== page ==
Prosecutors Oppose Inmate Releases Despite Jails Spreading Coronavirus
WASHINGTON – Some federal prosecutors are opposing the trend of granting inmates supervised release from jail to prevent the spread of coronavirus.
In U.S. District Court filings, federal prosecutors argue most of the inmates asking for home confinement instead of jail have failed to prove they are at risk of contracting the disease. They also say the inmates cannot prove they no longer create a danger to the public.
Some judges agree with the prosecutors but an equal number say risks from the pandemic are a higher priority.
The rulings coincide with the spread of the deadly virus in jails nationwide, perhaps turning them into incubators for the disease, according to medical experts.
“It should not surprise the court that scores of detained defendants have emerged alleging various underlying health conditions,” says a filing by prosecutors this month in U.S. District Court for the District of Columbia.
However, “the government is left to speculate as to the nature of the condition, the acuteness of the condition and whether the risk justifies the extraordinary acquiescence to release,” the filing says.
Only a few miles from where prosecutors are arguing their cases in the nation’s capital, jail guards tried to halt an inmate protest this week over the coronavirus lockdown. Inmates were shouting in protest through their cells and refusing to take their hands out of food slots.
They say they have not been allowed to shower for days, call their families on phones or contact their attorneys.
The number of inmates in Washington, D.C., diagnosed with coronavirus is approaching 150.
Similar diagnosis rates are showing up among jail populations in Chicago, Detroit, three state prisons in Ohio and elsewhere nationwide.
A disturbing finding of mass testing is that 96 percent of the inmates who tested positive for coronavirus showed no symptoms, according to a review of testing records by the news agency Reuters.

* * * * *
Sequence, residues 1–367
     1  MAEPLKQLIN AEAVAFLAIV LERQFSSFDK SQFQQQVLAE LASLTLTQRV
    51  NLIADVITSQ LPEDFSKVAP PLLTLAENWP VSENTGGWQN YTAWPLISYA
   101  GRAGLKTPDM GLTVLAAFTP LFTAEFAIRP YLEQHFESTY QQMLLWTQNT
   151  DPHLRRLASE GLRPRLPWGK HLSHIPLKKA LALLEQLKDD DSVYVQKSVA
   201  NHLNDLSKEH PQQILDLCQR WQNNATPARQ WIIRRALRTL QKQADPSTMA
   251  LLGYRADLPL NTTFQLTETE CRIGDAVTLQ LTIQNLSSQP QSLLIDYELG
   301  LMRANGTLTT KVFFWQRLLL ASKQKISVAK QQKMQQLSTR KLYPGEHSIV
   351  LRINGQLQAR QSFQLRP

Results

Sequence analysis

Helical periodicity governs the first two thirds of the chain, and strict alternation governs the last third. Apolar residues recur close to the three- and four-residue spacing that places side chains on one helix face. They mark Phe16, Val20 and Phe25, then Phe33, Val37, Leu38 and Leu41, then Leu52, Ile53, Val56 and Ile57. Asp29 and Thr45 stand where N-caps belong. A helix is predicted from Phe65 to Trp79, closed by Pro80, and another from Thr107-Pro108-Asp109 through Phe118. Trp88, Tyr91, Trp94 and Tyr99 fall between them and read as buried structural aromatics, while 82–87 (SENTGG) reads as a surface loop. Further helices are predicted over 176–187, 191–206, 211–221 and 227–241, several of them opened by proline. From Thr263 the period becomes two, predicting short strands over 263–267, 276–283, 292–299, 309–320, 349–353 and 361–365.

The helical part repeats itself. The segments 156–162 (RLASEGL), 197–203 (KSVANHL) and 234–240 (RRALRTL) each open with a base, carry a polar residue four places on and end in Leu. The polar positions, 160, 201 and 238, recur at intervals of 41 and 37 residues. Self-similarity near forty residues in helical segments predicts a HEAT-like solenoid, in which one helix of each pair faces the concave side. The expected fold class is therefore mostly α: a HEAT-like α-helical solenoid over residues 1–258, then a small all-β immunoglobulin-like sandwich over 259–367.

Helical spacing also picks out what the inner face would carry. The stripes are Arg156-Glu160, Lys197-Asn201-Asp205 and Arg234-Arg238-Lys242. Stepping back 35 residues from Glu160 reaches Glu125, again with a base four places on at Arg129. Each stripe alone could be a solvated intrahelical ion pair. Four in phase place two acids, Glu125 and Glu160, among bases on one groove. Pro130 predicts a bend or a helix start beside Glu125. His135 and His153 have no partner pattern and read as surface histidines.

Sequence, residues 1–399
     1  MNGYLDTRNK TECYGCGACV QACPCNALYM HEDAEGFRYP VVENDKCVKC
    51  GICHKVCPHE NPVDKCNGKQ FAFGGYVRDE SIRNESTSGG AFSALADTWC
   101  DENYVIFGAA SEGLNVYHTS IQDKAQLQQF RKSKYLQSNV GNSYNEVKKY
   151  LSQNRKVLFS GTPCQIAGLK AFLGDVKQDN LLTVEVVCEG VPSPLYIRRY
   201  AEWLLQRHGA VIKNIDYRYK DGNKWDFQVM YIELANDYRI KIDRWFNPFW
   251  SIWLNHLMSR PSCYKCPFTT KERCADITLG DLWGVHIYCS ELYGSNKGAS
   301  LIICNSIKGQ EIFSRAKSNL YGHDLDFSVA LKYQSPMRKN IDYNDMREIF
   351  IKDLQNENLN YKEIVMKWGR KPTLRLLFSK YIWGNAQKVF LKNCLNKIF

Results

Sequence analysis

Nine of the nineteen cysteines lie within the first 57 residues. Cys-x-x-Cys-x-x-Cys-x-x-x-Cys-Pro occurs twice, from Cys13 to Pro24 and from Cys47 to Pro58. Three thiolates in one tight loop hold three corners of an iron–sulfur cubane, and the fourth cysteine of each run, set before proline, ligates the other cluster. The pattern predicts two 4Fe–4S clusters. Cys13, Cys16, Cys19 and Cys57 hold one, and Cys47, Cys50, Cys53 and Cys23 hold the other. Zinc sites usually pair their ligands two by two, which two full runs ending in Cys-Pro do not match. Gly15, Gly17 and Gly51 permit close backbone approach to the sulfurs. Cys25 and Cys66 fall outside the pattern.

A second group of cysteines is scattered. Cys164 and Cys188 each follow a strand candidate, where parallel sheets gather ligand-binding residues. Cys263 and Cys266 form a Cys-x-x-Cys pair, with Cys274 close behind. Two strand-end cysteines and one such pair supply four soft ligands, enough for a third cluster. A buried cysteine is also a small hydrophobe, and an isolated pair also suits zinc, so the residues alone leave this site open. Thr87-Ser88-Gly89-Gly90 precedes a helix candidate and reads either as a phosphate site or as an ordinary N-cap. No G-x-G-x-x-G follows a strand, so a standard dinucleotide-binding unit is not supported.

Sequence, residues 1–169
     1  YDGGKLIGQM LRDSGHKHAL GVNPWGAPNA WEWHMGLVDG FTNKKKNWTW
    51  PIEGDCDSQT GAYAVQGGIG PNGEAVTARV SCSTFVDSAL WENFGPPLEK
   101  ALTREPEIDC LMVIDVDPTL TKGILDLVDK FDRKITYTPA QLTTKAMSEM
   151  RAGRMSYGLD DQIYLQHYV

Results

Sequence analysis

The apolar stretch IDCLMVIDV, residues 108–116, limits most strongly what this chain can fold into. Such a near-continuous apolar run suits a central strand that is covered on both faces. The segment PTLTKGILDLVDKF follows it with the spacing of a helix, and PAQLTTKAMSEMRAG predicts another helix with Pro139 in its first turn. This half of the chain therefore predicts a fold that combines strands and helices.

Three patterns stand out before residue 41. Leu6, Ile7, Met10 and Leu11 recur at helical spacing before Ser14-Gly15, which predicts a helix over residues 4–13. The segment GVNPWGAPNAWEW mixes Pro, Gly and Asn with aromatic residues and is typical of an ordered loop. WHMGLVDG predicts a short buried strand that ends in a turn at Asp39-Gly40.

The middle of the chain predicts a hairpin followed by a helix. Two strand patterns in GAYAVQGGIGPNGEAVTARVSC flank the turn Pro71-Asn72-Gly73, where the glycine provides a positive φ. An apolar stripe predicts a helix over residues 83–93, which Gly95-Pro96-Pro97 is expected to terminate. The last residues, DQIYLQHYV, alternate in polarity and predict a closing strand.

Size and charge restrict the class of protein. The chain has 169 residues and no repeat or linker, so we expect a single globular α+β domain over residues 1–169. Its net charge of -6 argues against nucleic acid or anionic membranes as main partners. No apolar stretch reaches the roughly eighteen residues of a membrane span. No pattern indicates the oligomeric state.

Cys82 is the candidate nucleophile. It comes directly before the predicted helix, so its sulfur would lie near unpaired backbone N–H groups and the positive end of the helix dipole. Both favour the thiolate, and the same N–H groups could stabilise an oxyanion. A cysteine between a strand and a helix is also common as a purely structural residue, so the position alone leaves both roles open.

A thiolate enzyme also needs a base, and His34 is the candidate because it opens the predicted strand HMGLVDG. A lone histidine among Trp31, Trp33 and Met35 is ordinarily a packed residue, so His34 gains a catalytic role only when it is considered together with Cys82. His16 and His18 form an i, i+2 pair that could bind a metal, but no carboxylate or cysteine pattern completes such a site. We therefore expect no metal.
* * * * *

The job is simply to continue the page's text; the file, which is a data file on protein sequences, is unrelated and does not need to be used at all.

The high rate of asymptomatic inmates could indicate they are the carriers who are speeding the spread of the virus, not only in jails but also the general population.
The United States has the world’s highest incarceration rate with nearly 2.3 million prisoners, according to the U.S. Bureau of Prisons.
The prosecutors say they are not opposed to all prisoner releases, only the ones where the danger to society is greater than the health threat. They want the petitions for release decided on a case-by-case basis.
One recent petition that was denied came from a man awaiting trial on several outstanding warrants.
Prosecutors argued in a filing that “the defendant’s chief argument is that he has asthma and thus, he needs to be released … Respectfully (and sadly), this should come as no surprise to the court or the parties. The idea that [the Department of Corrections] would emerge unscathed from a global pandemic is doubtful. The real inquiry is the balance of interests.”
Another petition that was denied came from a man charged with repeatedly sexually assaulting a minor.
“Although the defendant is in an age group that may be more susceptible to the virus … any heightened risk posed by pretrial detention does not outweigh the presumption in favor of detaining the defendant pretrial,” U.S. District Court Judge Beryl Howell wrote.
In a separate case of a man jailed while awaiting trial on gun and drug charges, U.S. District Court Judge Randolph Moss decided to release him under house arrest.
The judge said he “is now convinced that incarcerating the defendant while the current COVID-19 crisis continues to expand poses a greater risk to community safety than posed by the defendant’s release to home confinement.”
The ruling added, “The risk of the spread of the virus in the jail is palpable, and the risk of overburdening the jail’s healthcare resources and the healthcare resources of the surrounding community is real.”
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